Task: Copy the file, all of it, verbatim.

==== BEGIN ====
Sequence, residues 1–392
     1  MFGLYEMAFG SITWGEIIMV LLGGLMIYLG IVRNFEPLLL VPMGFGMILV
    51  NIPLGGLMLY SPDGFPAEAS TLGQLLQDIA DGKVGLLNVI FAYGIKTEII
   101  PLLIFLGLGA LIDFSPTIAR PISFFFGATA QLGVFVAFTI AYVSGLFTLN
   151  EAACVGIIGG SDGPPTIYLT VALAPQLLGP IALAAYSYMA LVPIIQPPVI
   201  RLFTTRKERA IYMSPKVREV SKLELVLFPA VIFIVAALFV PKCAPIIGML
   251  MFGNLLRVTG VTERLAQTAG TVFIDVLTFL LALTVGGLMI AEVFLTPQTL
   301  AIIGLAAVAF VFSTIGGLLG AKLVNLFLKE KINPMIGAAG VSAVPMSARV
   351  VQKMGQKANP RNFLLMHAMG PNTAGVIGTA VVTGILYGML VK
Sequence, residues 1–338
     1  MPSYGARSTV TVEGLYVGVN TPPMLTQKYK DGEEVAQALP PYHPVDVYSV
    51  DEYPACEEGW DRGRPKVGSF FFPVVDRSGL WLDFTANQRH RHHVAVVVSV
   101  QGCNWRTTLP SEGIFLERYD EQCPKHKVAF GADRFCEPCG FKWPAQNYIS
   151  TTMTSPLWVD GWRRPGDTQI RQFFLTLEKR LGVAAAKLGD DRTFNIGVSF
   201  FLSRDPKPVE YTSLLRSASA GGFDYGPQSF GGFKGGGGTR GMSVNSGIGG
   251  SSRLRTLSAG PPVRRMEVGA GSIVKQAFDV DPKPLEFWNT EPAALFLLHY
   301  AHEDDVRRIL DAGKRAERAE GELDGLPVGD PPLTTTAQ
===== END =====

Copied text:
Sequence, residues 1–392
     1  MFGLYEMAFG SITWGEIIMV LLGGLMIYLG IVRNFEPLLL VPMGFGMILV
    51  NIPLGGLMLY SPDGFPAEAS TLGQLLQDIA DGKVGLLNVI FAYGIKTEII
   101  PLLIFLGLGA LIDFSPTIAR PISFFFGATA QLGVFVAFTI AYVSGLFTLN
   151  EAACVGIIGG SDGPPTIYLT VALAPQLLGP IALAAYSYMA LVPIIQPPVI
   201  RLFTTRKERA IYMSPKVREV SKLELVLFPA VIFIVAALFV PKCAPIIGML
   251  MFGNLLRVTG VTERLAQTAG TVFIDVLTFL LALTVGGLMI AEVFLTPQTL
   301  AIIGLAAVAF VFSTIGGLLG AKLVNLFLKE KINPMIGAAG VSAVPMSARV
   351  VQKMGQKANP RNFLLMHAMG PNTAGVIGTA VVTGILYGML VK
Sequence, residues 1–338
     1  MPSYGARSTV TVEGLYVGVN TPPMLTQKYK DGEEVAQALP PYHPVDVYSV
    51  DEYPACEEGW DRGRPKVGSF FFPVVDRSGL WLDFTANQRH RHHVAVVVSV
   101  QGCNWRTTLP SEGIFLERYD EQCPKHKVAF GADRFCEPCG FKWPAQNYIS
   151  TTMTSPLWVD GWRRPGDTQI RQFFLTLEKR LGVAAAKLGD DRTFNIGVSF
   201  FLSRDPKPVE YTSLLRSASA GGFDYGPQSF GGFKGGGGTR GMSVNSGIGG
   251  SSRLRTLSAG PPVRRMEVGA GSIVKQAFDV DPKPLEFWNT EPAALFLLHY
   301  AHEDDVRRIL DAGKRAERAE GELDGLPVGD PPLTTTAQ